MSRP is $999.99. 

Available at

D-I-Y: Kayak duck boat

Rarely do kayak-bound duck hunters employ their tricked out fishing rigs as their waterfowl rig. For the fishing rig, shiny and bright is good, while the hunting rig needs to be exactly opposite. Other than comfortable seating, the amenities desired in a good fishing rig are lost on a hunting rig.

To make it blend in, start with a drab color or use some sand paper to create a rough finish on a brighter color and apply lots of drab paint. You can do the stencil or silhouette painting to impress your friends, but it won’t fool ducks if you don’t do some serious breaking up of your outline.

The internet is full of D-I-Y articles that suggest adding netting or natural grasses via loops or zip ties to the boat. Again, unless you can add something that’s going to drastically change the overall shape and appearance of your boat, you’re going to stick out like a sore thumb.

Consider ways to integrate your kayak into the landscape. If that’s a sand bar, bring a shovel and dig in. If it’s a dried-up stump field, go with darker shades and use a saw to integrate some old, dead lumber.

One of the best camouflage systems I’ve ever seen was no camouflage at all. A friend and I were hunting the early goose season right after Labor Day and discovered the more we acted like hunters, the more alarmed the flocks of geese became when we approached. Changing over into T-shirts and shorts, as well as talking loudly to each other while paddling, we managed to push several flocks into a dead-end cove and have our way with them when they could go no further. They were barely off the water when we splashed up into gun range.

Camouflage means matching your surroundings while not being noticeable. Apparently, camouflaging ourselves as noisy touring paddlers was much more effective than looking like the Creature from the Black Lagoon in a kayak.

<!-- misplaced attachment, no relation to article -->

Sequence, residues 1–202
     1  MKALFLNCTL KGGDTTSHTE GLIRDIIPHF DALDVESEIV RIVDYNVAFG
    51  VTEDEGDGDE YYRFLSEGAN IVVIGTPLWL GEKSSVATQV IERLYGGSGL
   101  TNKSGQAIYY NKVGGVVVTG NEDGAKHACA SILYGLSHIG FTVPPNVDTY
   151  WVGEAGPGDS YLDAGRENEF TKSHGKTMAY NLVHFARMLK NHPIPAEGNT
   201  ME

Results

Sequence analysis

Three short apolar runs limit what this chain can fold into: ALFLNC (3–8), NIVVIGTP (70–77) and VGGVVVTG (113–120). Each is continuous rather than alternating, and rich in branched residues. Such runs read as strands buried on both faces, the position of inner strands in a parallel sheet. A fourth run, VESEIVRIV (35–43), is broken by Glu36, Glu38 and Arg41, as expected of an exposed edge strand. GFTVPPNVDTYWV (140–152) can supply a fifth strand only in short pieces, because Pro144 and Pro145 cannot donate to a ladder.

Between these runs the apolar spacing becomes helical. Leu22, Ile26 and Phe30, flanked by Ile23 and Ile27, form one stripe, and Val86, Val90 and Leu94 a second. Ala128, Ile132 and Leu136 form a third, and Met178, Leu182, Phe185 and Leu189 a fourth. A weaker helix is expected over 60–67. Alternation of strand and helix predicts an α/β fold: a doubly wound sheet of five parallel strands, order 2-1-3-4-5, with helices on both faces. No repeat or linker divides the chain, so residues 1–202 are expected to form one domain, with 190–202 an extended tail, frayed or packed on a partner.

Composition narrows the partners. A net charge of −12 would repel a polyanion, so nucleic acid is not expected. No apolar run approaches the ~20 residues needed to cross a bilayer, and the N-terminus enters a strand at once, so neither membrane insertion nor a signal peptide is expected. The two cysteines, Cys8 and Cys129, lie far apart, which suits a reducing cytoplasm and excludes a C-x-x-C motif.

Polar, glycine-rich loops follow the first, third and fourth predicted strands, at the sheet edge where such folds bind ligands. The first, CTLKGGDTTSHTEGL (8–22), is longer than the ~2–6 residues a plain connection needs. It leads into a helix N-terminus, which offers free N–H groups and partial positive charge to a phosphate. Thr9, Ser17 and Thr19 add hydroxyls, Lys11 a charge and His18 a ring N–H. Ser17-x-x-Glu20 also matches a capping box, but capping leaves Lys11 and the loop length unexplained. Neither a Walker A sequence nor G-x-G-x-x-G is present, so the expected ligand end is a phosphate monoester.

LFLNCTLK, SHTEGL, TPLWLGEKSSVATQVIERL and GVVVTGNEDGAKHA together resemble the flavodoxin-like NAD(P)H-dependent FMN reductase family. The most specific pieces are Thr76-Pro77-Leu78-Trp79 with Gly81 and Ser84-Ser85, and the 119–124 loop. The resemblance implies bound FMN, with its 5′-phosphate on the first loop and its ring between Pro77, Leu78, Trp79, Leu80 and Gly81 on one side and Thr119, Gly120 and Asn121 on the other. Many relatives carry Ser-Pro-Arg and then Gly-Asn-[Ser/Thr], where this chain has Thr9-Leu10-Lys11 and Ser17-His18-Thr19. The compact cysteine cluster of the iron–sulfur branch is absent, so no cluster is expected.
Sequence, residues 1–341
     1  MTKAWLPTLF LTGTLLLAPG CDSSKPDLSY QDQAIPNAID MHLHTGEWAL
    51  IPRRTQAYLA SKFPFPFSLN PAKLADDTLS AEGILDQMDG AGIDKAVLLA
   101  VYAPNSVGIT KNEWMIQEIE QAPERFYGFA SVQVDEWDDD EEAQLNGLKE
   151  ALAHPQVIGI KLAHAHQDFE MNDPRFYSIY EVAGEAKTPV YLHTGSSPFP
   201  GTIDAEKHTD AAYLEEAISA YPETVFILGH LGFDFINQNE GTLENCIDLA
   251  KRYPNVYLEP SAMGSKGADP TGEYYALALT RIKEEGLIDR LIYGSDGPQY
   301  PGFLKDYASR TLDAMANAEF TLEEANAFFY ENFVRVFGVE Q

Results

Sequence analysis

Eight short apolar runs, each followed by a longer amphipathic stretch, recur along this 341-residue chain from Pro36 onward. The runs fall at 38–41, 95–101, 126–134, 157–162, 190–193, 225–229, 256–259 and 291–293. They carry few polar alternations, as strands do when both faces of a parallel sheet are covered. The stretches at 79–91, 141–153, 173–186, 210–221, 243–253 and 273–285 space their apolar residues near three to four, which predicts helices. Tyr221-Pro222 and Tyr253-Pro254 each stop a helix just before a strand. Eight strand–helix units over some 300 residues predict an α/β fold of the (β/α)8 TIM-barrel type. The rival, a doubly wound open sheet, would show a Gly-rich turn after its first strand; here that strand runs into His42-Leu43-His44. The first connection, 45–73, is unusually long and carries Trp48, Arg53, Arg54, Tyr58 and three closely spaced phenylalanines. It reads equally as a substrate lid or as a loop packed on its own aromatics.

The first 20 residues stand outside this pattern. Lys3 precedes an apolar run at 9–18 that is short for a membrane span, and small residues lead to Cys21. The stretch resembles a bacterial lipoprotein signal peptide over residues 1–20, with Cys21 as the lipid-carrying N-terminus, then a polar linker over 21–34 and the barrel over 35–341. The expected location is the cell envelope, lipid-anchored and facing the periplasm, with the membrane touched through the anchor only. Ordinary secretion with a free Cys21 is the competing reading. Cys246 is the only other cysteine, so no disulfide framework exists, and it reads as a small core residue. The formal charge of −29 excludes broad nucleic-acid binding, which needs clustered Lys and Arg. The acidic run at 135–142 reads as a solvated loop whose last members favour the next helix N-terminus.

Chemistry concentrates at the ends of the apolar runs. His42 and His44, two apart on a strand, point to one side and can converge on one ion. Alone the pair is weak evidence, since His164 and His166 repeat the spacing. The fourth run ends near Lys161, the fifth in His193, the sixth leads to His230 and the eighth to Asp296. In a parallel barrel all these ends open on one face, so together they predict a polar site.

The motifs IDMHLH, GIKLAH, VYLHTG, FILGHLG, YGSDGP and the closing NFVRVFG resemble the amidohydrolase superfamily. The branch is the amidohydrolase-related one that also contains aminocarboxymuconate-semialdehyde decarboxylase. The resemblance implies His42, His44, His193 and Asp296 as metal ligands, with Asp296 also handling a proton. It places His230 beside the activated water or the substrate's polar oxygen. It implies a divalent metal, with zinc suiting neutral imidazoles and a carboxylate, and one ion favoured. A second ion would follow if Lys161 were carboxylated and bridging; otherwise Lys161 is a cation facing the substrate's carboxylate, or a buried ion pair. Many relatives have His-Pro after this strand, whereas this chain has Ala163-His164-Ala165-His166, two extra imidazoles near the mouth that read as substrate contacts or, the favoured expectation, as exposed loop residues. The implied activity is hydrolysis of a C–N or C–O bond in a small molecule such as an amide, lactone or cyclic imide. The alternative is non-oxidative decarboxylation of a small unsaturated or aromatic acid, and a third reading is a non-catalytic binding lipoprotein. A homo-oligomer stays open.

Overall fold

YakGear Ambush Camo Cover

Transform your kayak into a hunting machine with the YakGear Ambush Camo Kayak Cover & Hunting Blind. The drawstrings at either end make this a universal fit on 12.5- to 14.5-foot kayaks and canoes. It uses two flaps in the middle, connected by buckles, to conceal the hunter until he is ready to fire. Lie down and wait for your shot, then sit up, and you’re ready to fire. 

Made of rip-stop material and available in RealTree Max5 camo, tears should not be a problem if you run into any thick brush. Also included is an over-sized Velcro flap in the back of the blind for access to the rear storage area. Boat handles are accessible at the front and back through slits that are pre-cut into the cover. You can also add your own brush using pre-sewn vegetation webbing straps. A Stow bag is included for easy transport.

Two concealment flaps to hide the hunter before the shot is taken with rear flap to allow access to storage. Bow and stern rope drawstring allows you to pull the front and back tight to hold against gunwales.

MSRP is $194.99. 

Available at

About Phillip Gentry 823 Articles
Phillip Gentry of Waterloo, S.C., is an avid outdoorsman and said if it swims, flies, hops or crawls, he's usually not too far behind.